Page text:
Childhood Lead Poisoning

The Problem

Long recognized as a dangerous toxin that can result in serious health problems, lead was removed from our gasoline and paint decades ago. But the problem of lead poisoning in children has not gone away. With so many New England houses and apartment buildings constructed before the 1978 lead-paint ban, tainted paint remains in many homes. As that paint deteriorates or is disturbed, children’s health is put at risk.

According to the Centers for Disease Control, any exposure to lead is dangerous for children. Even low levels of lead exposure can cause irreversible health problems when left untreated – including IQ deficits and cognitive and behavioral issues, effectively robbing children of their full potential. And, while the problem hits low-income and communities of color hardest, it affects children across all demographics throughout New England.

In New Hampshire, more than 1,000 new cases of lead poisoning are diagnosed each year. While that number is alarming on its own, the scope of the problem is likely much worse, since too few children – barely 40 percent of those considered highest risk for exposure – are actually tested each year. The lifelong health impacts those children will experience are troubling enough, but a recent report from New Hampshire reveals that the long-term costs go beyond the individual child. The report estimates that the 1,000 children diagnosed in the state just in 2013 will lose $240 million in collective lifetime earnings. The costs for special education, medical treatment, and crime linked to lead exposure add up to millions more dollars in economic impact.

CLF in Action

Protecting the people of New England – especially its most vulnerable populations – from environmental poisons is core to CLF’s work. Over the past year, CLF has brought together a diverse group of New Hampshire stakeholders – public health officials, children’s advocates, property owners, and lead professionals, among others – to develop meaningful, long-lasting solutions to the state’s ongoing problem of childhood lead poisoning.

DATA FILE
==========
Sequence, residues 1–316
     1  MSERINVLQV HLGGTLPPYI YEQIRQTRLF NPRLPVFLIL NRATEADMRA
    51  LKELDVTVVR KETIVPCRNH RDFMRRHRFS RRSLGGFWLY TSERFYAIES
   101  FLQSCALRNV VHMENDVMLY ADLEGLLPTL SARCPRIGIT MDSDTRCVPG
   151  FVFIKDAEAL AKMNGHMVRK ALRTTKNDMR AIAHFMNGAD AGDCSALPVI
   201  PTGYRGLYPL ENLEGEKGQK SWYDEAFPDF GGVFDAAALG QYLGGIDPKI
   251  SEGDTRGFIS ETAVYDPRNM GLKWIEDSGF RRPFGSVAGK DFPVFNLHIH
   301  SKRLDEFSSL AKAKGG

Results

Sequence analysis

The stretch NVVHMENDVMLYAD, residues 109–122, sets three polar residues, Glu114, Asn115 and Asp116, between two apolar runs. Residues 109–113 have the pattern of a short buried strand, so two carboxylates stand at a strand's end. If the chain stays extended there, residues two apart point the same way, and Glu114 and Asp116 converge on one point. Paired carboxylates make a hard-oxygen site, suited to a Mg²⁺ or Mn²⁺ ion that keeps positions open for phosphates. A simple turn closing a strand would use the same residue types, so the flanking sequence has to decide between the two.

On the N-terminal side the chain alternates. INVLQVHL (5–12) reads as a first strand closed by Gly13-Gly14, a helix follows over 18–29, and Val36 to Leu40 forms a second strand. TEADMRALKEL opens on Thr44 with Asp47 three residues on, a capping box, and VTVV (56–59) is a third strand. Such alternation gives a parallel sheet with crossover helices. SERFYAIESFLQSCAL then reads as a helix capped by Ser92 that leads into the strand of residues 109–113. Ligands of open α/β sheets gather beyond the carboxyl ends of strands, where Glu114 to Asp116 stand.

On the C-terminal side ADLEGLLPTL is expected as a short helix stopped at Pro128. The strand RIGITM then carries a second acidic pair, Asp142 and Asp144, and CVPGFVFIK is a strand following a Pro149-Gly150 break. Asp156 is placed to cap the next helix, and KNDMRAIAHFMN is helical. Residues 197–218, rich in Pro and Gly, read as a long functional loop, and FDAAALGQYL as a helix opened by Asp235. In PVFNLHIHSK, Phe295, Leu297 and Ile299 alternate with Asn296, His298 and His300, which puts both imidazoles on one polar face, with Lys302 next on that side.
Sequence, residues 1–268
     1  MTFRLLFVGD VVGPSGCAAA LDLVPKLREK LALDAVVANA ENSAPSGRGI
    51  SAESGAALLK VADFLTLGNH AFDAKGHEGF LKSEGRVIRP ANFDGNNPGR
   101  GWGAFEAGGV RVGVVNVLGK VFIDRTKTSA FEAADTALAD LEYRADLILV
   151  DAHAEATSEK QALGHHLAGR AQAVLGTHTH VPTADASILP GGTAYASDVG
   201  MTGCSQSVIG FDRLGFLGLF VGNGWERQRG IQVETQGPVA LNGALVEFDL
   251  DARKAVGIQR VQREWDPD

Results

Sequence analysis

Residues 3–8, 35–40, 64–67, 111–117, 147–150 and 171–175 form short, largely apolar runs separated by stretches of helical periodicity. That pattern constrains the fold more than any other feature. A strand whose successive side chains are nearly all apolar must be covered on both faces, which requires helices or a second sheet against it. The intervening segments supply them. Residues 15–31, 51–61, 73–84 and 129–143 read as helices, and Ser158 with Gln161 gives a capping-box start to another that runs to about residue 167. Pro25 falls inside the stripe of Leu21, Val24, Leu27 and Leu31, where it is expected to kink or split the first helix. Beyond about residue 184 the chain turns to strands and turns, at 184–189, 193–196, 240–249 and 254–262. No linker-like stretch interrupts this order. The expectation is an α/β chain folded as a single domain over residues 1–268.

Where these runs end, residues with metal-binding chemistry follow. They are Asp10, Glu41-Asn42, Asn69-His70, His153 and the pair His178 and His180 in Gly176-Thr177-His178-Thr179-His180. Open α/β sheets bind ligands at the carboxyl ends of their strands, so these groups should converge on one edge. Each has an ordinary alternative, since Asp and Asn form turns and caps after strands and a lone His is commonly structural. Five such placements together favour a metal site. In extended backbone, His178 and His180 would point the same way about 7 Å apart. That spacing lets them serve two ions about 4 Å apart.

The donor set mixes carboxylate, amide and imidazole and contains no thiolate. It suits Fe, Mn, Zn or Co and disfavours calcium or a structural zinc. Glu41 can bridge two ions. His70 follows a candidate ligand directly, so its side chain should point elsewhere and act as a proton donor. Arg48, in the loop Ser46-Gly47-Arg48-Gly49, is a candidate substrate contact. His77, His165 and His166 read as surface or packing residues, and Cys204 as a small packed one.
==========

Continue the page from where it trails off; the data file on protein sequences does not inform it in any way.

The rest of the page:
Experts agree that the two most critical tools in addressing childhood lead poisoning are improving screening and, of course, preventing children from being poisoned in the first place. CLF took a lead role in crafting statewide legislation to address these needs, which the New Hampshire legislature passed in June with overwhelming support. CLF and its partners have also been working to identify needed solutions at the community level, with a focus on the City of Manchester, where the problem is particularly acute.

Next Steps

As of this writing, Governor Hassan is expected to sign the state lead bill into law. CLF will be tracking the bill’s implementation while continuing to work with its partners to review and improve policies so that every child in New Hampshire can be protected from this devastating – but preventable – problem.